Page:The Chinese Empire. A General & Missionary Survey.djvu/12

From Wikisource
Jump to navigation Jump to search
This page has been validated.

"Lo, these shall come from far: and, lo, these from the north and from the west; and these from the land of Sinim."Isaiah xlix. 12.

"Arias Montanus was among the first to suggest that the Sinim are the Sinese (Chinese); and since the question has been so thoroughly discussed by Gesenius (in his Commentary and Thesaurus), most of the Commentators, and also such Orientalists as Langles (in his Recherches Asiatiques), Movers (in his Phœnicians), Lassen (in his Indische Alterthumskunde, i. 856–7), have decided in favour of this opinion."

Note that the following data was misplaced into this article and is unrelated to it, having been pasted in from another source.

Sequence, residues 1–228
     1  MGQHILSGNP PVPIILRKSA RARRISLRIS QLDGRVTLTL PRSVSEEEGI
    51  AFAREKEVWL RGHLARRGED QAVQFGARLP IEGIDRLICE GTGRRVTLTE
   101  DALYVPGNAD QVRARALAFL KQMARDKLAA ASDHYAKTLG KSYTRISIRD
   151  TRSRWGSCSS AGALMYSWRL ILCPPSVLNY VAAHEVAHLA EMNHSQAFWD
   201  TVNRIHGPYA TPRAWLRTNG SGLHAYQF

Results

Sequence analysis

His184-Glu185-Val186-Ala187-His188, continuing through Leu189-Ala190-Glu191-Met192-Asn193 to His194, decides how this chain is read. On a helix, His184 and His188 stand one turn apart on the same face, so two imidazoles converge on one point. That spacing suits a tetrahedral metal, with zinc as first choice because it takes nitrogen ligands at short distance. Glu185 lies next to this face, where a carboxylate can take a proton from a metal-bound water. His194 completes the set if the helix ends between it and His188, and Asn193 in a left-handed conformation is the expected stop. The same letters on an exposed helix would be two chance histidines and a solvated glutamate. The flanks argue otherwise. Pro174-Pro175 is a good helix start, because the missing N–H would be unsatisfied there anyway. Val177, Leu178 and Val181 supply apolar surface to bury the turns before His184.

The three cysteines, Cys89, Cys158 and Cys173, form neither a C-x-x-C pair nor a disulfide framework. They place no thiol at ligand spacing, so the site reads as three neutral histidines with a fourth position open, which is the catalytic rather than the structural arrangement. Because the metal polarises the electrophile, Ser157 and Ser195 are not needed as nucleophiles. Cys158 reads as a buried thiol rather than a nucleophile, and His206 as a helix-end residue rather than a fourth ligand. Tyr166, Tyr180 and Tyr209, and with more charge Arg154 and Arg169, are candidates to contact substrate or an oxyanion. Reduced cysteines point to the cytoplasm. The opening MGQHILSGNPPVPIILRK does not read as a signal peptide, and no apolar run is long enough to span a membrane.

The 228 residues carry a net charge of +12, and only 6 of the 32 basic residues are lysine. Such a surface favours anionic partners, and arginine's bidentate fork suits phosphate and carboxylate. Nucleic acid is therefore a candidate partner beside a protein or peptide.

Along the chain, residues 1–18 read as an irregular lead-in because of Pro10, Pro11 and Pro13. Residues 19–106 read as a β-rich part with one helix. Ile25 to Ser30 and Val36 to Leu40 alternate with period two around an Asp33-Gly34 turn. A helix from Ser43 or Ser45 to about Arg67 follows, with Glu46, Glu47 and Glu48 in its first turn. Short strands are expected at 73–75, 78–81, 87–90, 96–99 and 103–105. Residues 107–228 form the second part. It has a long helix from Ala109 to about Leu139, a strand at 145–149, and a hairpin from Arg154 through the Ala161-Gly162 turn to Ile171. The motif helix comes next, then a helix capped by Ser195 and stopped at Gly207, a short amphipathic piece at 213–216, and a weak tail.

"The name Θῖναι (Strabo), Σῖναι (Ptol.), Tζίνιτζα (Kosmas), says the Sinologist Neumann, did not obtain currency for the first time from the founder of the great dynasty of Tsin; but long before this, Tsin was the name of a feudal kingdom of some importance in Shensi, one of the western provinces of the Sinese land, and Fei-tse, the first feudal King of Tsin, began to reign as early as 897 B.C."—Franz Delitzsch, D.D., in his Commentary on the Prophecies of Isaiah.